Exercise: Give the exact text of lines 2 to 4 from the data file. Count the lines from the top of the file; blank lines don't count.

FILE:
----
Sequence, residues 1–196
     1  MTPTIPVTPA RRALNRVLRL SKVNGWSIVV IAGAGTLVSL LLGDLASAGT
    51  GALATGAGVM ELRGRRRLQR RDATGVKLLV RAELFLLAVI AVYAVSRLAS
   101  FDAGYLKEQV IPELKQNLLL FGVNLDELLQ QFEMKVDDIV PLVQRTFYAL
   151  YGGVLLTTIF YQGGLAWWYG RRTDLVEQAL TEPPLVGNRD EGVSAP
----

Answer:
     1  MTPTIPVTPA RRALNRVLRL SKVNGWSIVV IAGAGTLVSL LLGDLASAGT
    51  GALATGAGVM ELRGRRRLQR RDATGVKLLV RAELFLLAVI AVYAVSRLAS
   101  FDAGYLKEQV IPELKQNLLL FGVNLDELLQ QFEMKVDDIV PLVQRTFYAL